Prepare the muffins according to box directions, replacing the water with orange juice. My mix called for 1 1/4 cup of liquid. Fold in orange rind and scoop mix into a greased muffin tin. Bake according to instructions.

Making the curd is rather simple. Put flour into a sauce pan and whisk in the orange juice. Once flour has been dissolved, turn on the heat to medium. Whisk in the egg yolk, sugar and butter. Keep stirring until butter melts and sugar is dissolved. Add in the orange zest and keep stirring over heat until mixture thickens to the right consistency. It should split when you drag the spoon down the middle of the pot. Remove from heat and let curd cool.

Once muffins are baked. Let them cool. Spread curd on muffin tops.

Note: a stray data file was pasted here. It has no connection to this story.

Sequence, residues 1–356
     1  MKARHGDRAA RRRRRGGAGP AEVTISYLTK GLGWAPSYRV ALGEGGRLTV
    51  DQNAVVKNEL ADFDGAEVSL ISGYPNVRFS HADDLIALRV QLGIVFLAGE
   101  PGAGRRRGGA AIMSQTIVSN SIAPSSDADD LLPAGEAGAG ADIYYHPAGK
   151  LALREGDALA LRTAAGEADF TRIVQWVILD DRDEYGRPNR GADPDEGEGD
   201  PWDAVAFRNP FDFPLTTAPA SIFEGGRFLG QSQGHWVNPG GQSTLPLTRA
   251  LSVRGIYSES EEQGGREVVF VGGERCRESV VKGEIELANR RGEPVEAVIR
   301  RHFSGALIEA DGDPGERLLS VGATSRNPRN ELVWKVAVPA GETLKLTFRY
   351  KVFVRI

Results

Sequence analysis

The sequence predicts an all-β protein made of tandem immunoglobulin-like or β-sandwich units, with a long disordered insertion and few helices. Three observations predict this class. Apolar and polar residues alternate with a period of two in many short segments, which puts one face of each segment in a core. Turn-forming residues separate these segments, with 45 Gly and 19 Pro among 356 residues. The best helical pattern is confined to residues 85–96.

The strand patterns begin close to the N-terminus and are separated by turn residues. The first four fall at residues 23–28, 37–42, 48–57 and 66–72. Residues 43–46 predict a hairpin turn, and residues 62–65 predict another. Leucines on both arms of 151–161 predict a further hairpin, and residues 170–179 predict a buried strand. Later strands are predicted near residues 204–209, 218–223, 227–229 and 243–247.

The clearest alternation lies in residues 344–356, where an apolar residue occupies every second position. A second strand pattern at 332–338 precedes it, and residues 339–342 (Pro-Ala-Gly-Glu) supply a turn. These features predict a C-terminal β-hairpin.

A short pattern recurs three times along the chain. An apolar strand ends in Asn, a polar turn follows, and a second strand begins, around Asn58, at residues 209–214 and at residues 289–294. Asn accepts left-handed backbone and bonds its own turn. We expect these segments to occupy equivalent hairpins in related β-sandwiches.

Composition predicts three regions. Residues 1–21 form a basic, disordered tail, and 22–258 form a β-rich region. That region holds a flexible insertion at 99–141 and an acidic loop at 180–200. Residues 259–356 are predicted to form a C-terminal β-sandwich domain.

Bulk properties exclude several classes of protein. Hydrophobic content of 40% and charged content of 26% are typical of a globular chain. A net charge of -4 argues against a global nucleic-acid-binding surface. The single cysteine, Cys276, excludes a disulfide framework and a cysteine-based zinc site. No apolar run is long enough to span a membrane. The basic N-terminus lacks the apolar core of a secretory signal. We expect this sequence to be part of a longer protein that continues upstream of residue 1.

Friday, July 2, 2010

World Cup Food Part 2

As I mentioned in this post, I stocked up on food for the World Cup. One night was Thai night. I guess you could say it was in celebration of the Asian teams doing better in the tournament than they usually do. I sure hope that the development of top quality football players from our part of the world continues. 

For Thai night, I decided to make green curry. Okay, I kinda cheated because I used prepared curry paste, but I added elements to make it my own. I didn't just throw in the meat and pour in coconut milk. I used prawns for this version so we had to eat it up right away.

- 2-3 tablespoons of green curry paste
- 3 cloves of garlic
- half a medium onion
- 2 eggplants
- 1 bunch bok choy
- 1.5 - 2 cups coconut milk (add more or less to adjust heat)
- 400g of prawns
- 4-6 kaffir lime leaves (cut in half for easy removal later)

- 10 Thai basil leaves
- 2 stalks of cilantro (optional)